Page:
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EU referendum: Leaked letter 'shows how Cameron plotted against Leave'

PM accused of being 'knee deep in conspiracy' for Remain while his official position was that he could still campaign for Leave if his renegotiation failed

Charlie Cooper
Whitehall Correspondent
Tuesday 17 May 2016 08:26 BST
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Prime Minister David Cameron stands with Boris Johnson as the Olympic cauldron is lit for the Paralympic Games in Trafalgar Square on August, 2012
Prime Minister David Cameron stands with Boris Johnson as the Olympic cauldron is lit for the Paralympic Games in Trafalgar Square on August, 2012 (Getty)

The Vote Leave campaign has accused David Cameron of being “knee deep in a conspiracy” to keep Britain in the EU, as letters emerged indicating the Prime Minister discussed the role big business could play in the Remain campaign before he had even completed his renegotiation deal with European leaders.

In a letter to Mr Cameron from Serco chief executive Rupert Soames, sent 11 days before the renegotiation deal was completed, and the EU referendum formally announced, the business leader refers to talks held with the Prime Minister earlier in the month.

He writes that, following up on the meeting, he is planning to contact FTSE 500 companies to urge them to mention the risks of Brexit in their annual reports.

At the time of the meeting and the letter, dated 8 February, Mr Cameron’s official position was that he could still campaign for a Leave vote if his renegotiation failed to secure the changes he wanted.

He told the House of Commons on February 3: “I am not arguing – and I will never argue – that Britain couldn’t survive outside the European Union…If we can’t secure these changes, I rule nothing out.”

What to believe about the EU referendum

However in the letter, seen by the Daily Mail, Mr Soames states: "There were two points I thought I might follow up on. The first is how to mobilise corporates to look carefully at the risks Brexit represents.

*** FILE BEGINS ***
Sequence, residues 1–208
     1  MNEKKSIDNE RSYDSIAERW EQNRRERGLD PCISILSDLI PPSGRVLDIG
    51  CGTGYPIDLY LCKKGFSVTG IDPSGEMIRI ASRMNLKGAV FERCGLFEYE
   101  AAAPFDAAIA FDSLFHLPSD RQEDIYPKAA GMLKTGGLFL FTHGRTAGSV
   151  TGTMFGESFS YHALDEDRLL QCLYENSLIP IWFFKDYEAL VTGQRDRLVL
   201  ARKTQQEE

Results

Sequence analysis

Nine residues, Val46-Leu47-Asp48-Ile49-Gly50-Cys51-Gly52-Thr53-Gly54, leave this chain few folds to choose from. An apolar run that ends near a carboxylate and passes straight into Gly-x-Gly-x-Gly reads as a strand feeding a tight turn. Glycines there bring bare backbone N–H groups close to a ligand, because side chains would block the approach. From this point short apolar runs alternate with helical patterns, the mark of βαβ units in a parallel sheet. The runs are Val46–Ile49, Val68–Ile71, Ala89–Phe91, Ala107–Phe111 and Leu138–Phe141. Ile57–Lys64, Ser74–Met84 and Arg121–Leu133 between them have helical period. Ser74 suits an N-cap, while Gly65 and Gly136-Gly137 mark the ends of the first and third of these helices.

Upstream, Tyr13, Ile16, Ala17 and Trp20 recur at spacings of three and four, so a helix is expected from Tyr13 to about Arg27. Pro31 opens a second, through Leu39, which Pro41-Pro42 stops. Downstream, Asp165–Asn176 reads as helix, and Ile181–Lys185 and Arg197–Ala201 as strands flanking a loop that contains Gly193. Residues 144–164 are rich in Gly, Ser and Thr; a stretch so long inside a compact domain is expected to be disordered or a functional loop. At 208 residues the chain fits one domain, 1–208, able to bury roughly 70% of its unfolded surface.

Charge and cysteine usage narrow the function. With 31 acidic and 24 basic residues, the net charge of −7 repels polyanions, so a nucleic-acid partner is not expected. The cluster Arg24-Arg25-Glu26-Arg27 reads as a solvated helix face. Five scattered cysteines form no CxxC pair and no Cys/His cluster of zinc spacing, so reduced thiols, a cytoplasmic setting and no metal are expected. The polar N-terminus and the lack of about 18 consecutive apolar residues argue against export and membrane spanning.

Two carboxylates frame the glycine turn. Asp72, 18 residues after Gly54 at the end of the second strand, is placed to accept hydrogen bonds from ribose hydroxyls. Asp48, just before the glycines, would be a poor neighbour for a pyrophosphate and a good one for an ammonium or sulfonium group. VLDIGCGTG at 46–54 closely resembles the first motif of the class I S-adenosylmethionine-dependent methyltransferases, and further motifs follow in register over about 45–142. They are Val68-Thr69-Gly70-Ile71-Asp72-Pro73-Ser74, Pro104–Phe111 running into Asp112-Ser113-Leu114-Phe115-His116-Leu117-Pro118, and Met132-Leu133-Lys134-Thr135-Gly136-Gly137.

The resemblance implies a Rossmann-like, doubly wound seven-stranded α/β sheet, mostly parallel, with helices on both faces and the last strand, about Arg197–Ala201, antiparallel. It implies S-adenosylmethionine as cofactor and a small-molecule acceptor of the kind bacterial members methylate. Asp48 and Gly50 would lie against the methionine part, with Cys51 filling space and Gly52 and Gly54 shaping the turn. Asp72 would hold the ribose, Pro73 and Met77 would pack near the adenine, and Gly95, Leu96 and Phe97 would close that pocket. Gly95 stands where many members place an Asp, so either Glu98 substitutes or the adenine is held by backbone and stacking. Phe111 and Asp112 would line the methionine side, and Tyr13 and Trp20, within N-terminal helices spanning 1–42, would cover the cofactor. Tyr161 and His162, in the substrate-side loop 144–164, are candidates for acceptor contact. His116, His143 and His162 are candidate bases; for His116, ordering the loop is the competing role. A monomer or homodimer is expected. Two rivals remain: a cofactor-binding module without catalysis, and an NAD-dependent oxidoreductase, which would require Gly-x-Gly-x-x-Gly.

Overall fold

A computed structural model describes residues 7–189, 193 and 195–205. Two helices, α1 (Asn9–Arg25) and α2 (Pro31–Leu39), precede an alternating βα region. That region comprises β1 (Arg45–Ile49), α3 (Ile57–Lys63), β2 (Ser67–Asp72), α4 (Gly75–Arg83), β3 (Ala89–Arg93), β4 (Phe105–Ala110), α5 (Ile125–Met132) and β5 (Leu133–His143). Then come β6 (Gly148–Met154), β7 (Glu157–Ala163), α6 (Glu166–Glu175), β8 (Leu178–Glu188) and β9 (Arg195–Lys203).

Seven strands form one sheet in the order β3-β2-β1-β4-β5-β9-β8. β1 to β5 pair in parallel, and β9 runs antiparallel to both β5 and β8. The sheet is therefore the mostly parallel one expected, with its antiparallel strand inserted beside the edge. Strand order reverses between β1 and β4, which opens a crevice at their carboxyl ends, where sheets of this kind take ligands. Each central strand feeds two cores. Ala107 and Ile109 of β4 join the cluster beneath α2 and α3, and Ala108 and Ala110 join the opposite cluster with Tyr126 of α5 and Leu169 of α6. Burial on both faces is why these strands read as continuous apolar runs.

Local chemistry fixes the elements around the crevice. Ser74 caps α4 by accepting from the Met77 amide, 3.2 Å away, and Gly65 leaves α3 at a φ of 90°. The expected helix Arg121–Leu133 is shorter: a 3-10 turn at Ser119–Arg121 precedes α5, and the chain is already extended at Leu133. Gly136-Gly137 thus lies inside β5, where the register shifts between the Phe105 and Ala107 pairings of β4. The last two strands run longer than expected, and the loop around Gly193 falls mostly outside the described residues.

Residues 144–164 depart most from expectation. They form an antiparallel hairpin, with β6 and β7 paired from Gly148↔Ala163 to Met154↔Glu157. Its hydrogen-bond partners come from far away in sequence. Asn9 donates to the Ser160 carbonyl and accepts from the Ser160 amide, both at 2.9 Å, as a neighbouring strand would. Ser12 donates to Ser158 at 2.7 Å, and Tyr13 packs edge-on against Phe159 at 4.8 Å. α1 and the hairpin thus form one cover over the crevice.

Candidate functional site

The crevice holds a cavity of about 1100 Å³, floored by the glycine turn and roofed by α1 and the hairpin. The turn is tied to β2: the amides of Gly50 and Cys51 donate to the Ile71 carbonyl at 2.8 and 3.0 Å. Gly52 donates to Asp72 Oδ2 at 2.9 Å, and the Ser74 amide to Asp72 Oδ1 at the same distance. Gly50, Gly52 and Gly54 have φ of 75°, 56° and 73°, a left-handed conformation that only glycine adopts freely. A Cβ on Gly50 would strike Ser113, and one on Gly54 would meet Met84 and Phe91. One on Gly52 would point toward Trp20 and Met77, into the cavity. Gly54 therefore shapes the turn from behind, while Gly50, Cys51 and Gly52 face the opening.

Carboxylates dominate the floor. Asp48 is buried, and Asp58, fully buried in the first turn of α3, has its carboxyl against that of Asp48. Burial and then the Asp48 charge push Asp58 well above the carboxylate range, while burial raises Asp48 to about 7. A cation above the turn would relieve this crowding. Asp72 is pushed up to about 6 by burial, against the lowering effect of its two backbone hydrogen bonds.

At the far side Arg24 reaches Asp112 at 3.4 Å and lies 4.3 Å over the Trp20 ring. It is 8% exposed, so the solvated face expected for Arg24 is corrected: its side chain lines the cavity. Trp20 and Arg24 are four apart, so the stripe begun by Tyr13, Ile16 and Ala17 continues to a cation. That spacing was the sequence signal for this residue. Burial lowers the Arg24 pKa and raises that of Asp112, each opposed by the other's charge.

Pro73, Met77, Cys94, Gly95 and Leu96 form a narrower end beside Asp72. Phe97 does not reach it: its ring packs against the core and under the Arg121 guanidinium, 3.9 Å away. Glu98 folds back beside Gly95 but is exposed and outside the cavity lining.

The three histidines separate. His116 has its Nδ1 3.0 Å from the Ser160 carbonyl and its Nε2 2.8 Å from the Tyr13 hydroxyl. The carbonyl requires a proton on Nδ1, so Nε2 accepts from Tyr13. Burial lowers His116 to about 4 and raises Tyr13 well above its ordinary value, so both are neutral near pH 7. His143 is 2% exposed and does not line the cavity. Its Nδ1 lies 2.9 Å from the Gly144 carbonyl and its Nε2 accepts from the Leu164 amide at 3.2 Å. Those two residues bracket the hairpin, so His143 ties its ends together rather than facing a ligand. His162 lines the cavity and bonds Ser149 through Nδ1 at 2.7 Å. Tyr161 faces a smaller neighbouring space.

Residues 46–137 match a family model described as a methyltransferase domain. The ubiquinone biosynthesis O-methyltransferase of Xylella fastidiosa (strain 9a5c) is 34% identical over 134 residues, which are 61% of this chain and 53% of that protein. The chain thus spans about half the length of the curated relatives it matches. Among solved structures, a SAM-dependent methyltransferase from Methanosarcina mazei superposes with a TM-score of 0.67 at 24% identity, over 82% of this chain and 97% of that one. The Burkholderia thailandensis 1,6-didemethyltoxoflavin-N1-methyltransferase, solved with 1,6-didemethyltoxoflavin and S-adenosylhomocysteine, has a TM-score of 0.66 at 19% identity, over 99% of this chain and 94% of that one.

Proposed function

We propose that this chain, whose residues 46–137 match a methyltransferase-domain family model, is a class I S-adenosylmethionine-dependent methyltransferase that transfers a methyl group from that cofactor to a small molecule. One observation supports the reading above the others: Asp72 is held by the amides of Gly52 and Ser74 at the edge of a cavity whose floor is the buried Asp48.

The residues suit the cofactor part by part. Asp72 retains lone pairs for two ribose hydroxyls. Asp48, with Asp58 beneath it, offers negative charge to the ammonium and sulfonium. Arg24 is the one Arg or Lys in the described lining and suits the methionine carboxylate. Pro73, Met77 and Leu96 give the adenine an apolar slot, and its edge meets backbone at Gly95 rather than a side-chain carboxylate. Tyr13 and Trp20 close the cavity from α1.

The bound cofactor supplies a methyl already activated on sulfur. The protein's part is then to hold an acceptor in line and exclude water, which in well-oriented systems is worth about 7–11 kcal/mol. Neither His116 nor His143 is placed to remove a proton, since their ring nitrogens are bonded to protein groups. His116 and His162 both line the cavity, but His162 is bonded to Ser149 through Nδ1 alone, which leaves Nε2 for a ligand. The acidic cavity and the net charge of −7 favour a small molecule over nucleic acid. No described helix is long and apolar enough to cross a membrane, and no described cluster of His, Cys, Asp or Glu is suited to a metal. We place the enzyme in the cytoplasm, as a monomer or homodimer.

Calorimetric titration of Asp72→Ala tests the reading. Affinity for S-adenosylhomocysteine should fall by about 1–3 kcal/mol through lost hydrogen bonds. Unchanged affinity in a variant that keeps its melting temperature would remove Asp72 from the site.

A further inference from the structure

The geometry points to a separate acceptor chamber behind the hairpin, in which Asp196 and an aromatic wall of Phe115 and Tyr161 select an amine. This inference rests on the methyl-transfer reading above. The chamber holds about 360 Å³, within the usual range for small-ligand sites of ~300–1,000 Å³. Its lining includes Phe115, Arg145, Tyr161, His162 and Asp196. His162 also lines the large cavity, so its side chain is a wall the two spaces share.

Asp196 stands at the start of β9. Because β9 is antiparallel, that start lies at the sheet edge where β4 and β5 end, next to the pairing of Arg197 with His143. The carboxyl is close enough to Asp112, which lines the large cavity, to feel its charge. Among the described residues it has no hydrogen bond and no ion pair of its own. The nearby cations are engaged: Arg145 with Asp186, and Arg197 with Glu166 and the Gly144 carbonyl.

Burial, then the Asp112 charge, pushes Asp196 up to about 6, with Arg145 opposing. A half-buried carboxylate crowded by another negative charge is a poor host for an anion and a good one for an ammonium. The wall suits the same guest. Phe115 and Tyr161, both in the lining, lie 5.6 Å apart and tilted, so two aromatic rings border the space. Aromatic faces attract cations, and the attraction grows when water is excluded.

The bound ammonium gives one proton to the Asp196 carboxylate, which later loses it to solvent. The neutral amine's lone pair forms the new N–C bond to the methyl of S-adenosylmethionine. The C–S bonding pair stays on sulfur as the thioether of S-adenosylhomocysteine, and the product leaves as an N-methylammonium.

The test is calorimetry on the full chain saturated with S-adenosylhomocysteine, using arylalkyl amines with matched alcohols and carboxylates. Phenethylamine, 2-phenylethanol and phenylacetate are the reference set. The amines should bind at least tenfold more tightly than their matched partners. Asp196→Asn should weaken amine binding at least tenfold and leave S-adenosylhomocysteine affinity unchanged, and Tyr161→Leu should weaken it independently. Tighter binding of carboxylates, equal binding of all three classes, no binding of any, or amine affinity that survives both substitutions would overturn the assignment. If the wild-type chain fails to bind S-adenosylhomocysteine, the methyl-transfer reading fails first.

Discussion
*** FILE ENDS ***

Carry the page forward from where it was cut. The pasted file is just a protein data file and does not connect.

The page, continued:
"I am working with Peter Chadlington and Stuart Rose [head of the Britain Stronger in Europe campaign) with a view to contacting FTSE 500 companies who have annual reports due for publication before June and persuading them that they should include Brexit in the list of key risks. All public companies are required to set out in their annual report an analysis of key risks."

Labour MP Gisela Stuart, chair of the Vote Leave campaign, said the Prime Minister had “serious issues” to answer.

“We now know he has been doing deals with businesses to exaggerate the risk of a vote by the UK to leave the EU,” she said. “He must now tell us urgently how many businesses he cut secret deals with? Who are they and what were they promised in return?”

Downing Street said it did not comment on leaked documents.

Many Westminster observers doubted at the time that the Prime Minister was seriously considering backing a Leave vote, but the timing of the leaked letter will be embarrassing to the Remain campaign, coming a day after George Osborne mocked Brexit campaigners as conspiracy theorists.

Ms Stuart added: “George Osborne accused the Leave campaign of inventing conspiracies. Now we see that David Cameron is knee deep in one.”

Mr Soames is the brother of Tory MP Nicholas Soames, and a grandson of Sir Winston Churhcill. His brother Nicholas has been an outspoken supporter of the Remain campaign. Serco, a security firm which has a number of contracts with the Government and EU institutions, was one of 200 companies to sign a letter backing EU membership later in February. The firm denied there was any link between its support for EU membership and efforts to secure public contracts.

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